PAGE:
The ongoing remote working revolution is not only changing the way organisations function, but also the way they hire. Many organisations in Malaysia are now interviewing remotely, which has led to faster and more efficient hiring processes. However, with remote working likely to become a permanent fixture in the new world of work, businesses are increasingly facing the challenge of communicating their employer brand to potential employees they are interviewing through virtual means.

“This is a difficult challenge to overcome,” says Tom Osborne, Managing Director for Hays Malaysia. “After all, when conducting face-to-face interviews, the candidate immediately gets a feel for your employer brand by simply setting foot in one of your offices, experiencing the sights and sounds of your carefully crafted working environment, interacting with your people and so on. But this sensory experience isn’t as easy to replicate when interviewing remotely.”

To counter this, Tom shares 10 ways organisations can best communicate their employer brand when interviewing remotely:

  1. Assess your Employer Value Proposition (EVP) – According to Tom, the first step to effectively communicating your employer brand is assessing your employer value proposition (i.e. the value your employees gain from working at your organisation rather than for a competitor), particularly after a crisis of this scale that has impacted not only the way people work but also their motivations. “Consider which changes you will need to implement to really resonate with your current and future people in the next era of work – a world which will look very different from before. The key to understanding this is recognising that the pandemic will have left many people with different attitudes to work. For example, the crisis may have left many questioning their ‘why’, meaning your organisational purpose may become a more important part of your employer brand strategy going forward; or some may now value self-care and wellbeing more, which requires a renewed focus on flexibility and work-life balance,” says Tom.

  2. Use the right channels to communicate – “Authenticity and trust will be high on the agenda for potential new employees when assessing your organisation. It has thus become critical that you empower your people to tell your organisation’s story and share it with their social networks. They are your biggest advocates and they always will be,” says Tom. In addition, he believes now is also a good time for organisations to revise their job descriptions and ensure the right language, tone of voice, values and purpose are being emphasized. “Focus on what they as a professional can get out of this opportunity. It could also be a good idea to consider producing video versions of your job descriptions, which we’ve seen some great success with at Hays,” says Tom.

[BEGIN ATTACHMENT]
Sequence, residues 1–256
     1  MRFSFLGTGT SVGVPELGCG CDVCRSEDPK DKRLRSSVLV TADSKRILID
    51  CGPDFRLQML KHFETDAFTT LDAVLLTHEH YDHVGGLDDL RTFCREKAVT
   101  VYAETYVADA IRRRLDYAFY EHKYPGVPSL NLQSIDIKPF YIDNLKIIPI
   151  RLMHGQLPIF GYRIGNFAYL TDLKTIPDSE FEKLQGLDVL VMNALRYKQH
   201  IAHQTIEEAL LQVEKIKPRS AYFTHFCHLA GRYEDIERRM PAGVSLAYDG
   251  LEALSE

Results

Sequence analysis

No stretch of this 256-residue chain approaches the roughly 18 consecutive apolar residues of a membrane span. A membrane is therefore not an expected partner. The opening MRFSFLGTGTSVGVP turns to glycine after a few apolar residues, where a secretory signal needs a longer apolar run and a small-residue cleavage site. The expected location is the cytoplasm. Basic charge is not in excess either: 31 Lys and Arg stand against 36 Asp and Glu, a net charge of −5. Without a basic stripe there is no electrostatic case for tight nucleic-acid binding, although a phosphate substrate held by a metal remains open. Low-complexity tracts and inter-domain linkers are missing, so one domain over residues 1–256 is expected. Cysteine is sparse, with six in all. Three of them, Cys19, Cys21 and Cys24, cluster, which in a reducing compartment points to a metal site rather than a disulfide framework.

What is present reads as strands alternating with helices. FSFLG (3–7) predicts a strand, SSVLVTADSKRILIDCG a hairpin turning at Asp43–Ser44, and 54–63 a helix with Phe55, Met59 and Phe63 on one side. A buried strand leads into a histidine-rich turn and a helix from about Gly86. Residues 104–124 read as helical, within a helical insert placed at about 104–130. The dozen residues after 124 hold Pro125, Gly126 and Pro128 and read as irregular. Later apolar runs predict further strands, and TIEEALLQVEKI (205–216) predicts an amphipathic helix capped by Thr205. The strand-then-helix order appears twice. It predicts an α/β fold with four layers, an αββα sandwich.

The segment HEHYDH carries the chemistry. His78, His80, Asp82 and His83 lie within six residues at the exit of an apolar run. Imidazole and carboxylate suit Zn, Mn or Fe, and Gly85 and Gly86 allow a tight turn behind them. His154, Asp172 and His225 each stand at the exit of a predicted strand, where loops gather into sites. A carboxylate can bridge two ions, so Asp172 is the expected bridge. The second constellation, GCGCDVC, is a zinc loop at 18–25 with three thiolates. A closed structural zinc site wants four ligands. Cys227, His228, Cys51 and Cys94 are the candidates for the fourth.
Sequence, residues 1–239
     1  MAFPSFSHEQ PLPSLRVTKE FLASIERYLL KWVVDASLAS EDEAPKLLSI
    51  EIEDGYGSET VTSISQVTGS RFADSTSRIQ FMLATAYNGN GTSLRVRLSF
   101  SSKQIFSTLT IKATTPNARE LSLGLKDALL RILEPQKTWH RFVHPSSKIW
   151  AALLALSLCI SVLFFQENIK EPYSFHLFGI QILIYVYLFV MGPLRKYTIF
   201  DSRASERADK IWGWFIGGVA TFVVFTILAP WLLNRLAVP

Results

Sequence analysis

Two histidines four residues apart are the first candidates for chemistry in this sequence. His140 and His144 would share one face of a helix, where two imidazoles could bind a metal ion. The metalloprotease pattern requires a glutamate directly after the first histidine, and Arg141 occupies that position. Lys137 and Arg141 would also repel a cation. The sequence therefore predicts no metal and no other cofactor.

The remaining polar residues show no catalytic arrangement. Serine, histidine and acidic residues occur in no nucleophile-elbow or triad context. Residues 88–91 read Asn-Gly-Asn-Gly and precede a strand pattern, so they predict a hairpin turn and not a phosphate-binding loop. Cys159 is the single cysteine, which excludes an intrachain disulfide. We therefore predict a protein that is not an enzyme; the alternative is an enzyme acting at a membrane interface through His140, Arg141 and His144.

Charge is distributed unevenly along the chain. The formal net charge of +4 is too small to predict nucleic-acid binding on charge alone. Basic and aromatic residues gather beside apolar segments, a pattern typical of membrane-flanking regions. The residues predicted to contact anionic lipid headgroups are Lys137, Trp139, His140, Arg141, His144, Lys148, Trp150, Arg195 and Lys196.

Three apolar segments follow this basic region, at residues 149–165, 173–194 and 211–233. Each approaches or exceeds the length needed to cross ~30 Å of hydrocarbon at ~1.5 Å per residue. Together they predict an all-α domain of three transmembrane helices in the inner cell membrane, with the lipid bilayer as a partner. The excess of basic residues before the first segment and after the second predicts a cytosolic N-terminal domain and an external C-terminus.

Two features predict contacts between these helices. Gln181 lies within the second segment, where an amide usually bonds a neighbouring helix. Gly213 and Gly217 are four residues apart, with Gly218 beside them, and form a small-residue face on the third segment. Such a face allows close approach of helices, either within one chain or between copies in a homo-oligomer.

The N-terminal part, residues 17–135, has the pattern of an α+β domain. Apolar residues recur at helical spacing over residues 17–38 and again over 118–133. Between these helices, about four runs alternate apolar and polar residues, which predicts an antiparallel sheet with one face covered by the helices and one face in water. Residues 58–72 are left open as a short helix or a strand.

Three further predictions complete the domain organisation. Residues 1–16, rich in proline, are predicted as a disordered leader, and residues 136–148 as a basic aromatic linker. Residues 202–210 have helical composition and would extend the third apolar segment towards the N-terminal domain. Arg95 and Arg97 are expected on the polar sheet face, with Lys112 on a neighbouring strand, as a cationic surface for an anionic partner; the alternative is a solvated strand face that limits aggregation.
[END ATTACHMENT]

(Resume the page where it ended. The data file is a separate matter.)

3. Conduct virtual office tours – Coming to the interview stage, Tom recommends that organisations try to replicate the face-to-face interview experience through video. “It could help to record an office tour ahead of time and send it to your candidates, or conduct it live (if you’re able to get inside the office of course) during the interview. This may also be a great opportunity for you to highlight how your organisation is changing its environment to ensure the safety and wellbeing of your employees, whilst adhering to social distancing measures,” he says.

  4. Record short introductory videos – “Encourage your hiring managers and interviewers to record and send short introductory videos to the candidates before the remote interview,” says Tom. “Use this as an opportunity to provide some insight into why they are hiring for the role and the impact it will have on helping the organisation realise its wider organisational purpose. It also adds more of a ‘personal touch’ which will be lacking when conducting interviews virtually.”

  5. Provide virtual access to the senior leadership team – “Previously, when a candidate was interviewing in person, they may have had the chance to meet different members of the senior leadership team, even if just in passing, “ says Tom. To help replicate this, “consider sending video clips or links to articles in which these senior leaders have been featured.”

  6. Run virtual coffee intros with your wider team – Similarly, a candidate doing a face-to-face interview would likely have the chance to meet their wider team, says Tom. This is often a great opportunity for the candidate to assess team culture and get a better feel for the organisation. “It’s important that this opportunity isn’t lost just because you’re running the interview process remotely. Instead, you could consider inviting your wider team to join towards the end of the interview, or even set up virtual ‘coffee intros’ separately,” Tom recommends.